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How a Single Woman in Ludhiana Saved 450 Young Lives by Devoting Herself to Orphans

SGS Children’s Home currently houses 49 children. Jasveer has successfully found homes and families for 350 children while 50 others were adopted by families in countries such as the USA, France, UK, Spain, Italy and Canada.

Navleen Lakhi | News18

Updated:May 14, 2018, 6:27 PM IST
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How a Single Woman in Ludhiana Saved 450 Young Lives by Devoting Herself to Orphans
Jasveer (centre) with the children at the orphanage. (Image: News18)
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As we still get over our Mother’s Day celebrations, here’s a real-life hero who has transformed over 450 lives by devoting herself to orphaned and abandoned children. 45-year-old Jasveer Kaur never married, but is a mother of over 450 children whom she shelters at the SGB Children’s Home – an orphanage that she had launched in 2003. Jasveer’s warm-heartedness can effortlessly touch anyone.

Jasveer hails from Pakhowal village and she has always wanted to devote her life to the society.

Working on her mission of social service over the past 22 years, Jasveer says, “As soon as I finished my nursing course in 1996, I got in touch with Swami Ganga Nand Bhuriwale International Foundation at Talwandi Khurd where I got a platform to open this orphanage. Initially, there was some inhibition in my family as they thought the society wouldn’t accept a single woman running such an institution but I was firm about my decision. Once I started, there was no looking back. Eventually, even they started supporting me.”

SGS Children’s Home currently houses 49 children. Jasveer has successfully found homes and families for 350 children while 50 others were adopted by families in countries such as the USA, France, UK, Spain, Italy and Canada.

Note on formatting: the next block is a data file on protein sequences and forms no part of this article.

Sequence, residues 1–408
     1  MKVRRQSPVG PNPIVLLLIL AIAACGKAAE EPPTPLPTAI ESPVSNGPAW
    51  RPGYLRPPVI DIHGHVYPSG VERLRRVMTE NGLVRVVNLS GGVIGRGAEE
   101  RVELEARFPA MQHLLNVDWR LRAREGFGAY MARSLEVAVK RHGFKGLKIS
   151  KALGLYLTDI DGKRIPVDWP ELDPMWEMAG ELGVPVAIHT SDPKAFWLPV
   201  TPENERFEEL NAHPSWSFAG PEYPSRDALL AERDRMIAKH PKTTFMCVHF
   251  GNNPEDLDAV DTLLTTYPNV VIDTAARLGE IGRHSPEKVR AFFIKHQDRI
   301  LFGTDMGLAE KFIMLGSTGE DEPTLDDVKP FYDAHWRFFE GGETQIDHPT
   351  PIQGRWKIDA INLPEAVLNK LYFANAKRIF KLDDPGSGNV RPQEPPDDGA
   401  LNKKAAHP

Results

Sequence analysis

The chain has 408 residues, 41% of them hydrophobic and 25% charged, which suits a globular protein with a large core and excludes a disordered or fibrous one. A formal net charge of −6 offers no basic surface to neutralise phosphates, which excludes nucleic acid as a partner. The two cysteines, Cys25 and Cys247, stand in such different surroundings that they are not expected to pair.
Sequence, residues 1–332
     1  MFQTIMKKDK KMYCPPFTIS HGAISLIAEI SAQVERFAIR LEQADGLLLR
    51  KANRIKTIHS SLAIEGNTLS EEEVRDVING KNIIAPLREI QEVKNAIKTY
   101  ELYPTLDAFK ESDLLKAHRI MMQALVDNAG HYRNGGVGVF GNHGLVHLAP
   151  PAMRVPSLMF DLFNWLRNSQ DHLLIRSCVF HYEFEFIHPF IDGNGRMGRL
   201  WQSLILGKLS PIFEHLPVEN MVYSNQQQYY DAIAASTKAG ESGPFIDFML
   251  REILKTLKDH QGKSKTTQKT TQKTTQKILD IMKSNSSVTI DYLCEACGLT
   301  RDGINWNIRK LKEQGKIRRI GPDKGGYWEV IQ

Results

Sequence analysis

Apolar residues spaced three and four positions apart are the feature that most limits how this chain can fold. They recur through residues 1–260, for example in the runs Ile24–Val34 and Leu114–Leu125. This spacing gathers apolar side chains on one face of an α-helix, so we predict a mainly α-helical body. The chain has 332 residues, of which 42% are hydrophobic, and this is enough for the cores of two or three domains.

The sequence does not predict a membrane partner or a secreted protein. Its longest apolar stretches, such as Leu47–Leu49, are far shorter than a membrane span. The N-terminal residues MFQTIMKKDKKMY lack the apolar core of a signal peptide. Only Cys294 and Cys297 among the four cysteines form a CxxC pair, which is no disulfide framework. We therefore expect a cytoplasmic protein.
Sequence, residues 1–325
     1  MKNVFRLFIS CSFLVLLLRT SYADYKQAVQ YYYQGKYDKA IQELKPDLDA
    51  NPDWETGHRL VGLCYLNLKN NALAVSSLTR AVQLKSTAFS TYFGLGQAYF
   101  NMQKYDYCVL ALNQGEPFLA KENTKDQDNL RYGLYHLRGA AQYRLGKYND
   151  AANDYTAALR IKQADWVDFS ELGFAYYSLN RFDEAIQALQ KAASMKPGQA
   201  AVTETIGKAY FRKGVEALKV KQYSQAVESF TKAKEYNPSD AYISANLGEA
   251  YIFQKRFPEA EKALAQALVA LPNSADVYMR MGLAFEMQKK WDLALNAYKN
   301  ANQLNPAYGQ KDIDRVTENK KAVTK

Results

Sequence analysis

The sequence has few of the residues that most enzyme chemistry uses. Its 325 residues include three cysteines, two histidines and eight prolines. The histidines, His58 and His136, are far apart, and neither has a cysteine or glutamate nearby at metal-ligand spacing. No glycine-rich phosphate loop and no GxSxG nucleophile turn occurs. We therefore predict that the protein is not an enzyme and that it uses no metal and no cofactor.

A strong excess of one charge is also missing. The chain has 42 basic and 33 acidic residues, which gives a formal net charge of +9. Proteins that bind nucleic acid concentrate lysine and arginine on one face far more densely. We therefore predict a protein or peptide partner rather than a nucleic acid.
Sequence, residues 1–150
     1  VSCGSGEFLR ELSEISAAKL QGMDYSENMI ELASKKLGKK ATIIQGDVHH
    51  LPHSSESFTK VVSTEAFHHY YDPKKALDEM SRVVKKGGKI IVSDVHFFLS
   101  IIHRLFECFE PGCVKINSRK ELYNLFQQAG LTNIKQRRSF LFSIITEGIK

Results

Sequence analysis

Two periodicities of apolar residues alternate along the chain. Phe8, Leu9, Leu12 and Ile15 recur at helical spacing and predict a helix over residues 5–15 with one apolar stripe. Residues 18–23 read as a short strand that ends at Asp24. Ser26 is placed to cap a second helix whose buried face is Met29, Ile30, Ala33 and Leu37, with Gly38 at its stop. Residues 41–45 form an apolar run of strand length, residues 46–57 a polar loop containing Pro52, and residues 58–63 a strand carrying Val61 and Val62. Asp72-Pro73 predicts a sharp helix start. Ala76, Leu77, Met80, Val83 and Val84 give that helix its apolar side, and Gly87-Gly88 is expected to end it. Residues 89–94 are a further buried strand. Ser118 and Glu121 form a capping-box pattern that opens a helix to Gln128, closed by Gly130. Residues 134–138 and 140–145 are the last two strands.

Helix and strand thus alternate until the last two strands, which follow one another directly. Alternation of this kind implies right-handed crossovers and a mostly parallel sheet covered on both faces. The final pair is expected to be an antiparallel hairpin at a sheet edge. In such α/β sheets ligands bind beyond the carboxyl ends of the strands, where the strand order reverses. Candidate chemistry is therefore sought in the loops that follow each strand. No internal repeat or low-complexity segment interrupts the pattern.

“Over the years, there has been a steep rise in adoption. Ever since adoption was made legal in India, the trend has further gone up. Our institution is a recognized Indian placement agency under the Ministry of Women and Child Development and we promote legal adoption as it is the most transparent way. Foreigners register themselves with Central Adoption Resource Authority (CARA) and once the legal procedure is completed, they can see pictures of three kids to choose from and within 48 hours they have to reserve the child,” explains Jasveer who herself has adopted three girl children legally.

“One of them is 16-year-old and the other two are 11 and 15-year-old. Even at SGS, my focus is to get these abandoned children their real homes. I don’t want to attract donations or sympathy from people by showing a huge number of children at our institution. Whenever a child gets a home, it is the ultimate satisfaction for me.”

From bushes to roads, hospitals to carcass dumps, parks and garbage dumps, Jasveer has found abandoned children at several odd places. She narrates, “Yesterday someone left a newborn baby at Amritsar’s Red Cross Centre. A few days ago a stranger noticed a 15-day-old baby abandoned in some bushes at Lalto Kalan village in Ludhiana and informed the police who rescued the baby and brought it to us.”

By now, people immediately rush such abandoned babies to Jasveer whenever they find one. Once they are brought to this Bal Ghar, Jasveer makes sure that they get are provided with all the required facilities.

In providing these children the love and care that they deserve, Jasveer is constantly supported by SGS Children’s Home’s secretary Kuldeep Singh who has been with her ever since this institution was launched. “Kuldeep and I are available all the time for the children at SGS. We have around 22 volunteers who work with us,” informs Jasveer.

Until sometime back, SGS Children’s Home didn’t have a facility for handicapped children but with America’s Sahitya Foundation, Jasveer has also managed to get a separate wing for physically-challenged children.

She says, “It will be ready in another two-three months. Even the wheelchairs will arrive by the time the wing is ready. The washrooms will have automatic doors so that they don’t have any problem.”

Ask Jasveer about the hurdles that she has faced in her journey so far, this mother doesn’t have anything to share. The selfless woman adds, “The journey has been blissful. I kept meeting positive and helpful people throughout. There is nothing to crib about. If your approach is positive, you’ll meet positivity around.”

Motherhood and being a mother, she says, is not easy. “Ma sounds like an easy word, but it is quite difficult to become one. These children bring that emotion in me. Had these children not accepted me, do you think I would have got the strength to keep going?”
| Edited by: Sanchari Chatterjee
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